Vermont Public Radio comment for Thursday May 16th, 2013 

INTRO: In the modern era, American presidents Nixon, Reagan, and Clinton faced major scandals in their second terms. Today President Barack Obama's integrity and competence is being challenged on three separate fronts. This morning, commentator and veteran ABC News diplomatic correspondent Barrie Dunsmore has some thoughts on these matters. 

TEXT: Obama scandal number one is what Republicans claim was a "cover-up" by the administration of its handling of the terrorist attack on the American consulate in Benghazi last September in which four Americans including the ambassador were killed. The congressional hearings held so far have revealed bureaucratic in-fighting but no genuine political malfeasance. 

Scandal number two emerged after the IRS admitted targeting Tea Party affiliated groups claiming tax-exempt status under new campaign finance rules which followed the Supreme Court’s landmark decision giving personhood to corporations. An internal review by the Inspector General blamed “ineffective” IRS management. The FBI has now launched a criminal investigation. 

Scandal number three is a significant First Amendment dispute in which two months of telephone records of editors and reporters of the Associated Press were secretly subpoenaed. Attorney General Eric Holder says the Justice Department was investigating a major national security breach. The AP report in question concerned a foiled terrorist plot in Yemen to blow up an American bound plane last May. At the time, Republicans in Congress accused the administration of leaking vital intelligence information to make itself look good.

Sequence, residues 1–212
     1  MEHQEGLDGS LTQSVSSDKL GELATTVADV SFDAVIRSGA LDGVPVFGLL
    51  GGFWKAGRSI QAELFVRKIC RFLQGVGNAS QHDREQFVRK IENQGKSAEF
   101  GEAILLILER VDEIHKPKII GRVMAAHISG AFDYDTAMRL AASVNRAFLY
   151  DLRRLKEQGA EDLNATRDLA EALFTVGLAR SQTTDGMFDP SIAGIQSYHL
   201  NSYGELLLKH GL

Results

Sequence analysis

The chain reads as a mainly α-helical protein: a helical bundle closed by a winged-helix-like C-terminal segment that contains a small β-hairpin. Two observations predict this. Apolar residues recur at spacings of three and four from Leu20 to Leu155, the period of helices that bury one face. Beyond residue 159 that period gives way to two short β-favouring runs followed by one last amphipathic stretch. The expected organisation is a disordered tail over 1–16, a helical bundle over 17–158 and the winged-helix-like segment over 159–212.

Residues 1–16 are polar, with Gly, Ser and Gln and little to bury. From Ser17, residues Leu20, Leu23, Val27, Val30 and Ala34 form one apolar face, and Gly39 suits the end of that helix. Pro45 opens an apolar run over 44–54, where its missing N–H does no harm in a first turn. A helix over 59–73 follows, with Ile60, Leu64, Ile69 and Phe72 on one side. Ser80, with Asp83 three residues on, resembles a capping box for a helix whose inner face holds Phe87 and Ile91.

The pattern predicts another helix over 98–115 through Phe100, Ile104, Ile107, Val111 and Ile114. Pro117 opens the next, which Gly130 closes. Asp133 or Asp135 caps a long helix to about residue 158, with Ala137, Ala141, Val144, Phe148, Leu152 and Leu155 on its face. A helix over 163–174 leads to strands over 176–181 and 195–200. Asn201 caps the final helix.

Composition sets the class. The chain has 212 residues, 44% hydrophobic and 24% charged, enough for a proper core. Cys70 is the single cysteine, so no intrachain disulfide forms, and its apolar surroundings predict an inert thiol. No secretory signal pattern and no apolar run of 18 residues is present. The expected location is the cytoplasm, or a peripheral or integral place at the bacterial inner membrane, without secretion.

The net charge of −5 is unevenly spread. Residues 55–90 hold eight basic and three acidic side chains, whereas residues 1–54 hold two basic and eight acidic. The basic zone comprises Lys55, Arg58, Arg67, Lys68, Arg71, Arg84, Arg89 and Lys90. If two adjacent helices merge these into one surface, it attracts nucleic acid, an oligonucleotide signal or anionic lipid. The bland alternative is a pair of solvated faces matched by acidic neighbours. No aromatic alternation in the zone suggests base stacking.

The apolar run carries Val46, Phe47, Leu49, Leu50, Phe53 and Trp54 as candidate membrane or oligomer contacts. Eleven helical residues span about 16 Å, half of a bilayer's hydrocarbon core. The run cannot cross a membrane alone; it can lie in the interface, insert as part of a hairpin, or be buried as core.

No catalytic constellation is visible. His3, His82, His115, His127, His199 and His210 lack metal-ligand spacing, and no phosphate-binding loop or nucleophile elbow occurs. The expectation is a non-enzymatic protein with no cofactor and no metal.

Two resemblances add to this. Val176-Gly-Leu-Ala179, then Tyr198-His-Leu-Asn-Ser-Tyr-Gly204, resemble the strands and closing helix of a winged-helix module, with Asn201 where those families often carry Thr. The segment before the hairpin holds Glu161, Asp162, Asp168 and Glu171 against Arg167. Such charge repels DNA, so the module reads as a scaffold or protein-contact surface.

As to how these scandals rate with those of other recent second term presidents:

-There is absolutely nothing on the horizon which compares to the Watergate scandal for which Richard Nixon was forced to resign. 

-Bill Clinton faced impeachment proceedings for lying under oath about his sex life but was acquitted by the Senate.

-Ronald Reagan secretly sold arms to Iran to try to get the release of hostages being held in Lebanon. Some of the money from the arms sales was then used to secretly fund the CIA trained Contras who were trying to overthrow the government of Nicaragua. Such funding was explicitly forbidden by an act of Congress. Seventeen members of Reagan’s administration were indicted and several were convicted though later pardoned. 

It remains to be seen what impact his scandals will have on President Obama’s ability to govern for three more years. The mainstream news media, Internet bloggers and social media pundits are already in feeding frenzy mode. This is natural and to be expected. The down side is that such scandals take up all the oxygen - while other important issues go wanting for attention.  

For example, the focus on an alleged political cover-up over Benghazi ignores the more compelling question: After leading the rebel overthrow of the dictator Qaddafi, why did America, NATO and Arab oil states basically just up and leave Libya in political chaos - knowing it had few if any institutions of governance. As a result, Qaddafi’s arsenals have become the source of arms for a growing number of al Qaida extremist groups throughout north and central Africa. And Libya itself is in danger of becoming a new center of Islamic extremism.

 Serious reflection on what happened after the Libyan dictator was overthrown would be most useful in assessing the possible costs of deeper American military involvement to oust the dictator in Syria.

 

 

 




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